She hypothesized that they are likely basing their decision to rent on what happened in the housing crisis. “Some banks and mortgage lending companies made loans they knew they shouldn’t be making,” explained Martinez, and when many people foreclosed, homes didn’t look like such an investment anymore. In attempts to regulate the burst bubble, the Dodd-Frank Act created the Consumer Financial Protection Bureau to be the advocate for the consumer and regulate lending. With the new regulations in place, they don’t expect a repeat of the housing crisis, and the Compass data suggests that millennials are interested, although perhaps apprehensive, when it comes to owning homes. In November, the majority of Compass users were in the 18-24 age bracket, and a lot of the usage was coming from mobile phones, which Martinez finds encouraging as well. “We’re reaching people wherever they are that way. We’re trying to embrace technology and harness it for the good.”

First time home-buyers are definitely the bulk of people who they see, and Martinez says AHSTI pushes education as hard as they can to help them not go into the process blindly. “We always say begin at the class,” Martinez said, referring to the eight hour homebuyer education course usually offered on a Saturday, or in the format of four hours over two days which provides information not specific to the AHSTI product, but about the process in general.  Aidee Castro, homeownership standards manager at AHSTI, says the course offers a comprehensive breakdown of the process from beginning to end, starting with the steps needed to make the purchase and the roles of the different people they will be working with (realtor, appraiser, surveyor, title insurance escrow officer, among others).

“We talk to them about the first step: taking a look at their income and see what they can afford. Then we ask them to visit a lender, either a bank or mortgage company,” says Castro. The class teaches what to ask your lender, about the loan documents,  and what to be on the lookout for- high interest rates, other fees they might be getting charged. “We try to make them aware of what services they can shop for to keep their closing costs low,” Castro explained.

Castro says AHSTI encourages their clients to not look at houses until they know they’ve been approved for a loan, so they know the range of the houses they can afford. After they’re qualified, the realtor will take it from there. Castro recommends potential home buyers with their eye on a property to do their research on the house: drive around at night and on weekends if they don’t want to live somewhere there’s a lot of noise to see what it’s like at its busiest, and request records from the police department (if they have any for that neighborhood) about how many and what kind of incidents have been reported.  These are important things that people don’t think of in the excitement of home-shopping.  “You’re just looking at the house at that point,” she said, and exteriors can be deceptive. Because interior repairs can be costly, she recommends clients have an inspector take a look at the house if they buy an existing home.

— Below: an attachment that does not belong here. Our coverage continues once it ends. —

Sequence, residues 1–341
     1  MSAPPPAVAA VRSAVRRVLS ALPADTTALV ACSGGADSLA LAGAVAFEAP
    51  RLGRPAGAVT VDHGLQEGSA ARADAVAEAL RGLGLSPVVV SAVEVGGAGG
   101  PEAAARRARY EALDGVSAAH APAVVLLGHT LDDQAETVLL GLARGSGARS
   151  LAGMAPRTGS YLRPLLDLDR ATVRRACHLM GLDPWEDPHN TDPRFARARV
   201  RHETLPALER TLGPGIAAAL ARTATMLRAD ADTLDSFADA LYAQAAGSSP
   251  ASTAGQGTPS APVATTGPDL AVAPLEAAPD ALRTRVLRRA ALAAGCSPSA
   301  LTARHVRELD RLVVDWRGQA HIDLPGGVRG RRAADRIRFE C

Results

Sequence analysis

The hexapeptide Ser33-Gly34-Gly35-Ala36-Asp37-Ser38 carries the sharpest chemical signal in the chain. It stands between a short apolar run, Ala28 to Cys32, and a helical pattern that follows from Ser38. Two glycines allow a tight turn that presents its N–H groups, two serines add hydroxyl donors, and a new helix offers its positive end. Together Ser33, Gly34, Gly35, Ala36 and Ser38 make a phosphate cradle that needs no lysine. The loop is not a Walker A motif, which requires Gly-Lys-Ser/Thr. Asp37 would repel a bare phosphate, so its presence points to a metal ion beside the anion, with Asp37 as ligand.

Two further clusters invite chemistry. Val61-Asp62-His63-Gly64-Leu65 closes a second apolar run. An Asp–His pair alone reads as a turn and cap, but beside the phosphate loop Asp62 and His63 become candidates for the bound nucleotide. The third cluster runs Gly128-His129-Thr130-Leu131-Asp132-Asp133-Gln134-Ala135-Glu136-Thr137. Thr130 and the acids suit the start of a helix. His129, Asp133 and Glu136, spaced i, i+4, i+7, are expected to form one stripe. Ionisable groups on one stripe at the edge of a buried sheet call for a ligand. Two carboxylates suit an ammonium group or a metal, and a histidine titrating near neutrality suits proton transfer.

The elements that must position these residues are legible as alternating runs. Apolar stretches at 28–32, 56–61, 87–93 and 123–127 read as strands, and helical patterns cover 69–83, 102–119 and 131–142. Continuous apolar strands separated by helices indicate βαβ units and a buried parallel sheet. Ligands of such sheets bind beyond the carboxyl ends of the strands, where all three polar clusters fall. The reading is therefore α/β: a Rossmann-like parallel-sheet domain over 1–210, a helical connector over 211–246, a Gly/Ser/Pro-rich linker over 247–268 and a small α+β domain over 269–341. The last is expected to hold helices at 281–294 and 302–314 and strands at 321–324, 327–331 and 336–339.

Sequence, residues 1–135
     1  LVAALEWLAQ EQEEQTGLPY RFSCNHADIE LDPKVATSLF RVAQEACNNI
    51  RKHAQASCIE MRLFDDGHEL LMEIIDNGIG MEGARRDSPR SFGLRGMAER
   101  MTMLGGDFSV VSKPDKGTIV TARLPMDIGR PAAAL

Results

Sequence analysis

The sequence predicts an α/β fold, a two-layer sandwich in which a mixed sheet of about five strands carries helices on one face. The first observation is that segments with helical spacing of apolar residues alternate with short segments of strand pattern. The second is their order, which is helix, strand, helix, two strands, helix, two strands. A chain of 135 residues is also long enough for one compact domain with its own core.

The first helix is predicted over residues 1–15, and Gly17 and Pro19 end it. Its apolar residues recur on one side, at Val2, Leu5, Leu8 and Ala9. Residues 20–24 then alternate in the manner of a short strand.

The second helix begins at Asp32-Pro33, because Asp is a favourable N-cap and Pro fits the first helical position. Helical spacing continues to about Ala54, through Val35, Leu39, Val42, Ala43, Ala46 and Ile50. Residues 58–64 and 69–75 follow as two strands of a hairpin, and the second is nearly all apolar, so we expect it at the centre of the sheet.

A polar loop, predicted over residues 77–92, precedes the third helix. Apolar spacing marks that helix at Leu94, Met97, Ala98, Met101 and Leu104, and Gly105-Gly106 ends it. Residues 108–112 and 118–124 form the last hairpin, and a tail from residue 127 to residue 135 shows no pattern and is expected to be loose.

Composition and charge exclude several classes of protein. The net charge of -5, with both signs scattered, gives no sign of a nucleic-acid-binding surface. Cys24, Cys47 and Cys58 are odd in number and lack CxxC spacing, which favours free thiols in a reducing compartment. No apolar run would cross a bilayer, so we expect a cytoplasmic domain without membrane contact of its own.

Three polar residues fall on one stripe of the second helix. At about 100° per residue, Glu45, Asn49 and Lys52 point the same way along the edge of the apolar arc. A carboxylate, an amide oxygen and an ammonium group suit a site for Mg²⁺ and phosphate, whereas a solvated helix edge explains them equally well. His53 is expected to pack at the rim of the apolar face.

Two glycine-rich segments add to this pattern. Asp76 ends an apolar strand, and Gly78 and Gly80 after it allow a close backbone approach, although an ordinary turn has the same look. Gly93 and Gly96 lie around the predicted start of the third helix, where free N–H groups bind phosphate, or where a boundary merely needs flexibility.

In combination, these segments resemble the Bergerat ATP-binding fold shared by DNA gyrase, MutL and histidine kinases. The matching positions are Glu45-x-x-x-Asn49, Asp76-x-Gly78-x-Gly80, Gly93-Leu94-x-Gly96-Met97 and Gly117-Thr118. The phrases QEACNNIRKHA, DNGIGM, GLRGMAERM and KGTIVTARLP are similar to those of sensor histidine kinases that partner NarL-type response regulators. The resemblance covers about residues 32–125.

If a client is in love with a house in need of major work, Castro says there are a few types of loans that allows them to do so. Current homeowners who haven’t made repairs for lack of funds, can also consider talking to their lender, even if they’re not AHSTI homes, to look into a rehab loan.  However, Castro doesn’t recommend it for a first-time buyer, unless they’re a true lover of fixer-uppers and DIY. “You won’t benefit from homeownership until long term and that makes it hard. You’ll find yourself wondering, ‘When am I going to be happy in my home?’

Because most homes will need minor repairs at some point,  Affordable Homes South Texas, Inc. also has a post-purchase class, where they teach homeowner repair and maintenance. “We show them how to repair holes in sheetrock and simple things they can do themselves that will save them some money,” said Martinez.  Another class offered is financial fitness bootcamp, which helps clients get their finances under control.  To access the schedule and register for a class, visit www.ahsti.org and make a profile on the Compass.

The classes are a whirlwind of information, but afterwards, clients know where to begin: whether they have degrees, debt, good credit, none or all of the above, anyone who’s looking to buy a home can get help from Affordable Homes South Texas, Inc. Pre-purchase counseling is the next step for all potential buyers after the buyer education classes.  Through one-on-one meetings, a AHSTI counselor aims to help the client remove obstacles keeping them from homeownership. Although Martinez is happy to see more young people signing up on Compass, she said they’re also seeing a lot of people who aren’t paying into their student loans in the same age group, which worries her as this could develop into one such obstacle down the road.